Days 345 to 348 — 17 hours and 47 minutes of paradise

The sun rose at 4:16 a.m. this morning and I was there to see it. Today was the summer solstice (sun stand or stop) which is the longest day of the year. We couldn’t have had a better one.

I biked to a spot that I thought would give me the best shot of the sun peeking over the horizon.

Closer . . .

Closer . . .

Ding!

Not much happening at the harbor at 4:30 in the morning.

So far, it was shaping up to be a pretty nice. But, you can never really tell around here.

In the U.S., this course would already be packed at 5:00 a.m. Here, they usually don’t begin until 8:30 or 9:00. After handling emails, I went back to bed around 6:00, got up a little later and mowed the lawn (which takes a while) and then joined our two house guests at a nearby beach.

Temperatures were in the mid to high 70s, no wind and the crowds have not yet arrived to Halmstad from Stockholm. The population doubles or triples in summer.

These pictures help to explain the national dream of Swedes to have a summer house here on the west coast.

This is Mariette’s oldest friend, Ackie. She lives in the middle of Sweden in a ski resort area. Her grand uncle was the great pianist Wilhelm Kempff. Ackie and her two sisters got some of the genes and are also musicians. They finished fourth one year in Sweden’s Melodifestivalen in the 1980s. She and Mariette used to hitchhike around Europe in summer during high school and make money singing on street corners.

That’s her son, Olof, who at age 8 is an avid skier, boater, and now horseback rider. And voracious reader.

Today virtually screamed, “Grill! Grill! Grill!” So, we obeyed.

Olof, caught doing damage to corn on the cob, Swedish style.

By 9:30, it was time to head out to catch the sunset. People were still out on the golf course.

And still in the water, which was a pleasant 17 degrees C. It usually reaches 20 or 21 degrees C. in July, which is warmer than California, unbelievably. These bathers are maybe 50 meters out from the shoreline and are only up to their thighs. The long hours of sun and very gradual slope makes for some really nice water temperatures.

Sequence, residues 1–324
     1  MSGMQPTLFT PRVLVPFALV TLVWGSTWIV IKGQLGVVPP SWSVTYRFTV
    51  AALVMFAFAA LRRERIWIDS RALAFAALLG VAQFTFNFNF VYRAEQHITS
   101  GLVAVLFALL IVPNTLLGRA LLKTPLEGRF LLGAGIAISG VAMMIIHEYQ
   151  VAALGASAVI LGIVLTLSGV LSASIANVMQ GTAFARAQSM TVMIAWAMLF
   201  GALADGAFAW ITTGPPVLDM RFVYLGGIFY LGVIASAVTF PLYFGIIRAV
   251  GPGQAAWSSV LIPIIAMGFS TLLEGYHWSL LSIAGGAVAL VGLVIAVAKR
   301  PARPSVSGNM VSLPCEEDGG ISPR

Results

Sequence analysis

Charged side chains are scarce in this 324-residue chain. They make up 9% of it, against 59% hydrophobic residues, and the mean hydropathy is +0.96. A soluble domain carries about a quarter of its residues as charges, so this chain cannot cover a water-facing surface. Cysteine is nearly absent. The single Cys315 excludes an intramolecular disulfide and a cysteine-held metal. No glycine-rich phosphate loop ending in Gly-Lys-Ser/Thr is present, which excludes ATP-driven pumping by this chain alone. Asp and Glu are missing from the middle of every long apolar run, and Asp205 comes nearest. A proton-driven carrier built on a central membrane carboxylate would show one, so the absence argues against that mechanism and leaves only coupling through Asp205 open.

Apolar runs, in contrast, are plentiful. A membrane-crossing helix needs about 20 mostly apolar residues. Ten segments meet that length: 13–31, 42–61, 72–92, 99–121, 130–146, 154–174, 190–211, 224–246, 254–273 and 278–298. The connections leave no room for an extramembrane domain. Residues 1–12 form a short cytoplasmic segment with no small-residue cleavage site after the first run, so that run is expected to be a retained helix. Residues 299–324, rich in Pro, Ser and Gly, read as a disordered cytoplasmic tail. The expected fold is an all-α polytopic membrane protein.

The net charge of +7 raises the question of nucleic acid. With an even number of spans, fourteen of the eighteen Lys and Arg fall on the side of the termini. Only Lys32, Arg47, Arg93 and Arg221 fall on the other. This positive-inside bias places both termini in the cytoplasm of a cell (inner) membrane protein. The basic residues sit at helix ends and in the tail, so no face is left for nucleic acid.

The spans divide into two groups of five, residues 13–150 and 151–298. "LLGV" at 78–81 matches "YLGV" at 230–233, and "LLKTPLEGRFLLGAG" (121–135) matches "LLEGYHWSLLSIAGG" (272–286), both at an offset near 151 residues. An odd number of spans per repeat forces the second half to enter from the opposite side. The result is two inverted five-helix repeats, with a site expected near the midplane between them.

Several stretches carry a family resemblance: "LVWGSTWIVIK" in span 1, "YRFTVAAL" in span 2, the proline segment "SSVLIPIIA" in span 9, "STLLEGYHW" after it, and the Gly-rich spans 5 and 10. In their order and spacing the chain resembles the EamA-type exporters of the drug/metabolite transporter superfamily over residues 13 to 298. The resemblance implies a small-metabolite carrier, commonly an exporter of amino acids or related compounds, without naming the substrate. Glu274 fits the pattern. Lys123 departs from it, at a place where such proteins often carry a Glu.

Quite a few people out enjoying the evening.

Lifeguard tower. Halmstad is one of two places in Sweden that runs a lifeguard school. The participants get room and board but no salary for their training and work on the beach during the summer. But they get to hang out at the longest and most popular beach in Sweden during summer, go to the clubs and basically have a blast all summer long.

The bistro that overlooks the sea just opened for the season a day or two ago.

This is the island of Tylö, about a quarter mile off shore. It is a nature preserve.

If you measure the degrees where the sun set from where it rose, it was about 270 degrees, which stands to reason since the day was nearly 18 hours long.

Going . . .

Going . . .

Interesting graffiti on the restaurant wall. This has been here for some time, so evidently someone likes it.

I guess we will call this a done day.

And that will do it. As wonderful as today was, and it truly was a spectacular day, it remains only a prelude to what happens tomorrow, and if you think there were a lot of pictures today, just wait until tomorrow: Midsommar, the reason why so many Swedes were born in March.

 

4 thoughts on “Days 345 to 348 — 17 hours and 47 minutes of paradise

Leave a Reply

Fill in your details below or click an icon to log in:

WordPress.com Logo

You are commenting using your WordPress.com account. Log Out / Change )

Twitter picture

You are commenting using your Twitter account. Log Out / Change )

Facebook photo

You are commenting using your Facebook account. Log Out / Change )

Google+ photo

You are commenting using your Google+ account. Log Out / Change )

Connecting to %s